Thursday, August 06, 2009

Stormy weather

It's been a bit bleak this week, so good to sit by the heater or the fire. However, on Monday, we had a research team meeting, mainly to discuss publication of our efforts. It seems we might have a summary publication at the end of the year, followed by various monographs, including a 'biographical' one containing memoirs of various participants. I am charged with writing a short memoir of publishing life, which I'll try, but it's a bit daunting. We'll see.

Also, a visit to the hospital to the vampires to give blood, plus the results on Wednesday, after P., Frank and I went to the excellent Dali exhibition at the National Gallery, St Kilda Road. Dali was an old conman, good at making money, but the exhibition well established his credentials as an artist, albeit a pretty variable one. We had a quick lunch at Southbank, then I went off to the hospital.

I scored Professor Becker of Renal this time, which is nice, because he is. He says my longterm kidney function is decreasing (though variable) so has upped my medication slightly. However, my chlorestorol is 4.9, which is not brilliant, but better.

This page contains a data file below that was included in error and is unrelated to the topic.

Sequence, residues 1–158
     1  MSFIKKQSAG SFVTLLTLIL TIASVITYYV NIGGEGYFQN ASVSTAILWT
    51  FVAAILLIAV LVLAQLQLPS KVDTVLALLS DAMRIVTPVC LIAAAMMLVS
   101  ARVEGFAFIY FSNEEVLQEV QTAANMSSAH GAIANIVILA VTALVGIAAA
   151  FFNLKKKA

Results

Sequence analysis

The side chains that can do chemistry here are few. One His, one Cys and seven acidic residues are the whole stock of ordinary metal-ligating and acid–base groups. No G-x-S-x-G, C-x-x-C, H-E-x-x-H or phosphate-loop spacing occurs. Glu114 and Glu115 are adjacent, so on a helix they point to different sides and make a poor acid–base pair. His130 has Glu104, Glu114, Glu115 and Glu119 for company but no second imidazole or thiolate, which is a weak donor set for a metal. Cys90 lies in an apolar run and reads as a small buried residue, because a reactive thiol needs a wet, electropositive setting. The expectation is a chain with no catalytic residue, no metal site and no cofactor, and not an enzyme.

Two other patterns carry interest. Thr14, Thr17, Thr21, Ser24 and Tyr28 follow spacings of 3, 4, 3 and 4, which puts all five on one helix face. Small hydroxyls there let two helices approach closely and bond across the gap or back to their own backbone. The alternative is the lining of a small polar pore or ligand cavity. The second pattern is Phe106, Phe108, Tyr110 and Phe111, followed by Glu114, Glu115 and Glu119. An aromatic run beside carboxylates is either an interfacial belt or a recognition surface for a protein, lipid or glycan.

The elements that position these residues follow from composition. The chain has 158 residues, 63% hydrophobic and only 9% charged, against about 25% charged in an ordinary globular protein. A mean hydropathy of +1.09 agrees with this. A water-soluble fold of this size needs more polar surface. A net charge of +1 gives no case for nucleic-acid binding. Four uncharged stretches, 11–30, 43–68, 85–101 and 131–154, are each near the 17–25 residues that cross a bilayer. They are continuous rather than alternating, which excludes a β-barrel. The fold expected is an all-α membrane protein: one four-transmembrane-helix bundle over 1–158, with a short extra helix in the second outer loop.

Last night, I went to a session at Readings about Bruce Pascoe's new novel, Bloke, which went well, and I am now enjoying reading it. Frank came for dinner afterwards, and P. did a very tasty roast lamb. On with the memoir.

Sunday, August 02, 2009

People Power?

Fairly normal weekend with dinner chez Frank last night and a re-run of his excellent braise, followed by filo-wrapped baked apple. He is starting retirement (Facebook readers will have delighted in a countdown at his erstwhile work this last week).

As our grey-powered activism revs up, governments everywhere should be very (well, just a little bit) afraid. Today, we joined the local residents action group for a photoshoot of protesters over a five-storey residential development in a two-storey area. The picture will be part of evidence at a VCAT hearing this week towards which some residents have contributed. Let's hope there will be some modification of this monstrous development or the whole area will become 'unit city' or a sort of mini-Southbank. The People United Will Never Be Defeated. Or maybe not always.